Pompeo warns Russia about paying bounties

Secretary of State Mike Pompeo has warned Russia’s foreign minister against Moscow paying bounties to Taliban militants and other Afghan fighters for killing U.S. service members. Pompeo’s warning is the first known rebuke from a senior U.S. official to Russia over the bounties program, and it runs counter to President Donald Trump’s insistence that the intelligence from U.S. government agencies over the matter is a “hoax.” The action indicates that Pompeo, who previously served as Trump’s CIA director, believes the intelligence warranted a stern message.

Court revives suit to get McGahn to testify

A federal appeals court in Washington has revived House Democrats’ lawsuit to force former White House counsel Don McGahn to appear before a congressional committee, but left other legal issues unresolved with time growing short in the current Congress. The full U.S. Court of Appeals for the District of Columbia Circuit voted 7-2 in ruling that the House Judiciary Committee can make its claims in court, reversing the judgment of a three-judge panel that would have ended the court fight.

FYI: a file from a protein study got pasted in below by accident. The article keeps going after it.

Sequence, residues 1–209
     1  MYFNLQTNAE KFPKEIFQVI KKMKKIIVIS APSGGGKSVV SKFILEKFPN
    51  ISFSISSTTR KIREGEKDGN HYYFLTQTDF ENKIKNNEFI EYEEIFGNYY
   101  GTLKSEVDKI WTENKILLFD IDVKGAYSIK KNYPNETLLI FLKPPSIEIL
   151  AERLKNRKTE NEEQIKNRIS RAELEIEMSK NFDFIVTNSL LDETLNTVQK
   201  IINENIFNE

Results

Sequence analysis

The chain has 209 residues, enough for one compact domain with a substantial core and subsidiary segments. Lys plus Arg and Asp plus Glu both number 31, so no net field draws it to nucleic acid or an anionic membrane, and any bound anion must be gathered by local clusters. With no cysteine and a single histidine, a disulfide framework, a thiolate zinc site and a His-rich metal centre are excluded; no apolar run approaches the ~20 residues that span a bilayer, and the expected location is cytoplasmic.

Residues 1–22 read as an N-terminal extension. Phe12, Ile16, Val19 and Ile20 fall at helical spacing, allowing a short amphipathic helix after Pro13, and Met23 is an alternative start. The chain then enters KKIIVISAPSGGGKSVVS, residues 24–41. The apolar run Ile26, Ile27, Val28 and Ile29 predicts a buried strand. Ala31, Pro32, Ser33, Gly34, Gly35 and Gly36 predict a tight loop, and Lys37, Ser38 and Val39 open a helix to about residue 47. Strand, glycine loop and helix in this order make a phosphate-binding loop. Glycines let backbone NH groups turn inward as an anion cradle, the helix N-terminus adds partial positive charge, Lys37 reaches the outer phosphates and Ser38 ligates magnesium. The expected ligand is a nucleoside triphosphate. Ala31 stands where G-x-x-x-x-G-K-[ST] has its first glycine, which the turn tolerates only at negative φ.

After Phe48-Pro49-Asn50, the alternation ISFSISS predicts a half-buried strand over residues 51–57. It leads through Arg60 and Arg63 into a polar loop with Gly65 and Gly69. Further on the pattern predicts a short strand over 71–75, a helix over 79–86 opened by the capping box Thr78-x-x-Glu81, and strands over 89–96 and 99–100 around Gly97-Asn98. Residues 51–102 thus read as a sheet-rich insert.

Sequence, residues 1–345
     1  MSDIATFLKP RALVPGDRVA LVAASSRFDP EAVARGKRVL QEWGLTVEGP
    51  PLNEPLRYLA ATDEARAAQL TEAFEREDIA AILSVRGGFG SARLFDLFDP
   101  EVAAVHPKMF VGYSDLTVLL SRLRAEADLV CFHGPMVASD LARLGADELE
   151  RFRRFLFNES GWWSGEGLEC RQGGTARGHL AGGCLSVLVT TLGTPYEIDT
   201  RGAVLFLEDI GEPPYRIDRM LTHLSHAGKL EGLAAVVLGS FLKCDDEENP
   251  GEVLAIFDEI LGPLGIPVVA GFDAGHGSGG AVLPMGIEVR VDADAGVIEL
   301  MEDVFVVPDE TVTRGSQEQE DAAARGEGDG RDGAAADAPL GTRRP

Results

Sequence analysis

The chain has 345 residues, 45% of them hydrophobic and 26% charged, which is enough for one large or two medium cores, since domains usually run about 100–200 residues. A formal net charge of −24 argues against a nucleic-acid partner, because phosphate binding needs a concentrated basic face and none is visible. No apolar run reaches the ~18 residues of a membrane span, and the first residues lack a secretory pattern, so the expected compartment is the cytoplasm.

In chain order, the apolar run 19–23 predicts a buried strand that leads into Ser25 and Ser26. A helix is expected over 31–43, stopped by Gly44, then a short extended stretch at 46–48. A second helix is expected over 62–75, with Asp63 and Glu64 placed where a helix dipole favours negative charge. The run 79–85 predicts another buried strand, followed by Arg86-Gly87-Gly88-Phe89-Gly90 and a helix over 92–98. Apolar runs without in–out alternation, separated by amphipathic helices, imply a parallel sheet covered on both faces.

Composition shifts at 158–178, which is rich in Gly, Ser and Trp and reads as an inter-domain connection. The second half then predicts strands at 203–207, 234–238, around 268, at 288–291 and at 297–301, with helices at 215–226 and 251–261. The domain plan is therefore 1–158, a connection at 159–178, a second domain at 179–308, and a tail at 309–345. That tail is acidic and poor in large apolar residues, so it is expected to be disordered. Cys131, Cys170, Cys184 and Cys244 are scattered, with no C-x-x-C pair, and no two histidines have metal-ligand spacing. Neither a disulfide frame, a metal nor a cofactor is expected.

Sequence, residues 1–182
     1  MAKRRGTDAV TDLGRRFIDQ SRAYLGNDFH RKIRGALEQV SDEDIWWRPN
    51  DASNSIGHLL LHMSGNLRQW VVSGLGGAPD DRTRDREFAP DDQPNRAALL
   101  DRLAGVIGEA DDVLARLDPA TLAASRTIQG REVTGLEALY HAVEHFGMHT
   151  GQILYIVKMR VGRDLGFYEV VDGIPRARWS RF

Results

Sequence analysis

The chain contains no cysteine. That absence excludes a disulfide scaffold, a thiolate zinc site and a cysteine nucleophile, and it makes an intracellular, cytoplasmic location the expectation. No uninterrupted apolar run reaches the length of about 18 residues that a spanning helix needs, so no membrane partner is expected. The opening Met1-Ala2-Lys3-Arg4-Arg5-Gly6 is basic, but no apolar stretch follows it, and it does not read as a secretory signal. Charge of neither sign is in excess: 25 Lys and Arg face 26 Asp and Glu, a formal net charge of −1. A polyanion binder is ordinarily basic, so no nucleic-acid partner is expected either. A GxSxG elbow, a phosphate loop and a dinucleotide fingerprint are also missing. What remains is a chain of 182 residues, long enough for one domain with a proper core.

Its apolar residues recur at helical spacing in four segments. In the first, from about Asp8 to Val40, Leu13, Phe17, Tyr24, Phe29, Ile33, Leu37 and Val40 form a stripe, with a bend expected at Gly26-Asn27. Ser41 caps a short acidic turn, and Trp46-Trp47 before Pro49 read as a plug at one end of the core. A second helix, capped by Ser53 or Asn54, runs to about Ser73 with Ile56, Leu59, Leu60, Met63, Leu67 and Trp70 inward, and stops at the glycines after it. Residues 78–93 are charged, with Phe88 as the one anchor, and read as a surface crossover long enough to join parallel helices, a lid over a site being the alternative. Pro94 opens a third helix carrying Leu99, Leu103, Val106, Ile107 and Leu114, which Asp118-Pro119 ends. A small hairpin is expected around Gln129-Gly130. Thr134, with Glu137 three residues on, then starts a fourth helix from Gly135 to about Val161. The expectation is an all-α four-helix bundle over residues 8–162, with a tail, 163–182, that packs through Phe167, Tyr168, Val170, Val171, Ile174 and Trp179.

N.C. will ease social restrictions for RNC

North Carolina will ease gathering restrictions for the Republican National Convention in Charlotte this month after a push by the national party for the state to be more accommodating. The RNC has estimated it would have no more than 500 delegates per day at the Charlotte Convention Center for the Aug. 21-24 event. State officials said they understand more than 10 people may need to assemble indoors to conduct party business.

Trump bans dealing with TikTok, WeChat

President Trump has ordered a sweeping but vague ban on dealings with the Chinese owners of popular social media apps TikTok and WeChat on security grounds, a move China’s government criticized as “political manipulation.” The twin executive orders Thursday — one for each app — add to growing U.S.-Chinese conflict over technology and security. They take effect in 45 days and could bar the apps from the Apple and Google app stores, effectively removing them from U.S. distribution. U.S. experts expressed skepticism about its legal authority. China’s foreign ministry said it opposed the move but gave no indication whether Beijing might retaliate.

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